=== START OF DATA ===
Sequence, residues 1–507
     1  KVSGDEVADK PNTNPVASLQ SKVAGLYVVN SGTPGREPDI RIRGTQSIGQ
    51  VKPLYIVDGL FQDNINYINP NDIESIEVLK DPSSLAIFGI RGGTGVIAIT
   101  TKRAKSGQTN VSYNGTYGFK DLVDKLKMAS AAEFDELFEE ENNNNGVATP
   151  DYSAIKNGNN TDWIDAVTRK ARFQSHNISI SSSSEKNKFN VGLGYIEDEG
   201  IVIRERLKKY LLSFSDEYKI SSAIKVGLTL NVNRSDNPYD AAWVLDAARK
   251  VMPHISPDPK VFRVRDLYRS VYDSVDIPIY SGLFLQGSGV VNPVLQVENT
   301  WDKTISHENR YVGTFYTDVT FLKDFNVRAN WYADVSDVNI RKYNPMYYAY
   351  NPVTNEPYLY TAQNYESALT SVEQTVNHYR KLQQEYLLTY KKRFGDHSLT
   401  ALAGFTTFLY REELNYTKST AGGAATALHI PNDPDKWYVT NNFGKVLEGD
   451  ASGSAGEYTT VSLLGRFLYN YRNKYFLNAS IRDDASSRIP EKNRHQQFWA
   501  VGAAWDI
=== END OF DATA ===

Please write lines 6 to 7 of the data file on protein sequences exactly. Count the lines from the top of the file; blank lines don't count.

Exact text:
   201  IVIRERLKKY LLSFSDEYKI SSAIKVGLTL NVNRSDNPYD AAWVLDAARK
   251  VMPHISPDPK VFRVRDLYRS VYDSVDIPIY SGLFLQGSGV VNPVLQVENT